Navajo Nation celebrates the life of Navajo Code Talker
GALLUP, N.M — On Feb. 5, Navajo Nation Vice President Myron Lizer and Second Lady Dottie Lizer joined hundreds of Navajo citizens, family members, and loved ones at a memorial service to honor the life and memory of Navajo Code Talker Joe Vandever, Sr. at the El Morro Theatre in Gallup, N.M.
On Feb. 3, Nez issued a proclamation that called for all flags on the Navajo Nation to be flown at half-staff in honor and memory of Vandever, who passed away Jan. 31 at the age of 96 in Haystack, New Mexico.
During the service, Lizer presented the proclamation and a Navajo Nation flag to the family of Vandever, and offered his condolences on behalf of the Navajo people.
“As we mourn the loss of Navajo Code Talker Joe Vandever, Sr., we also honor and remember all his great sacrifices for our Navajo people and the entire country. Our thoughts and prayers are with his family, friends, and community members as they lay him to rest,” he said.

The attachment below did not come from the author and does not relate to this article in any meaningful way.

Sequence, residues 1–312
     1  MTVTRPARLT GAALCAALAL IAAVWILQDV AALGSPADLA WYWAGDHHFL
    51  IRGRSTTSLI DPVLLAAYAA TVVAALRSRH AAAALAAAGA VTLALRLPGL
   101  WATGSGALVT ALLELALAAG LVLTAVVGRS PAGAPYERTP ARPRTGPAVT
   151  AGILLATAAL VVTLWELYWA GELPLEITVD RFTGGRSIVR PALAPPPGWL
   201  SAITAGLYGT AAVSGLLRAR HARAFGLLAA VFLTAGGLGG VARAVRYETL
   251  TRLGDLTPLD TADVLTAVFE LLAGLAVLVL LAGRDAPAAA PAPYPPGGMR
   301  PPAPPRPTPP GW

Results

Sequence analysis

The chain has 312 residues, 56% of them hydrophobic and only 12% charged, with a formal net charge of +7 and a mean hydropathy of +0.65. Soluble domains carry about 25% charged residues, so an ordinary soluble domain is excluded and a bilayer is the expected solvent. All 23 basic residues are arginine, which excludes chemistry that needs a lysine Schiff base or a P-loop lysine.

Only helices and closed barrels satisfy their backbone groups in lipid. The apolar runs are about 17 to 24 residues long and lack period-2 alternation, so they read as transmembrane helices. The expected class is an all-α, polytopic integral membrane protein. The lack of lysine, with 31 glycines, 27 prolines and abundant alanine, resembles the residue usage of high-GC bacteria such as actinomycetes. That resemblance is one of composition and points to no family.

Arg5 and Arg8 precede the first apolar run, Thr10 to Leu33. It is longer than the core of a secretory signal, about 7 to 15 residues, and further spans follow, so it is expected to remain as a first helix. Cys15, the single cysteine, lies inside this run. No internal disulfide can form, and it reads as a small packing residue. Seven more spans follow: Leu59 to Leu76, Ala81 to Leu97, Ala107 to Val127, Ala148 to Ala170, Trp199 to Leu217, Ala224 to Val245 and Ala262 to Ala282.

Vandever was born Feb. 5, 1923, into the Red Running Into the Water People clan, born for Two Who Came to the Water clan. He was married for 73 years to his wife, Bessie D. Vandever, who passed Sept. 24, 2019.
Vandever enlisted with the U.S. Marine Corps in Santa Fe, N.M. March 26, 1943, and was honorably discharged as Corporal Jan. 22, 1946. He served in northern Solomons, Bougainville, Emirau Islands, Guam, Marianas Islands, Okinawa, Ryukyus Islands, Occupation of Japan, and Occupation of China. In 2001, he received the Congressional Silver Medal for his service as a Navajo Code Talker in World War II.
During the service, Vandever’s grandchildren, Eric Nez, Shaylee Vandever, Petrina Vandever, Shelby Vandever and Petulia Vandever, shared memories, teachings, and disciplines of their grandfather and grandmother.
“Our Cheii and Shimásání (grandfather and grandmother) encouraged us to be the best we can be and to contribute to the Navajo Nation and the world. He stressed the need for each of their 91 grandchildren to speak and value our Navajo language. He said our language and culture identifies who we are and it will protect us and make us stronger. We will greatly miss our grandparents,” said grandson Eric Nez.
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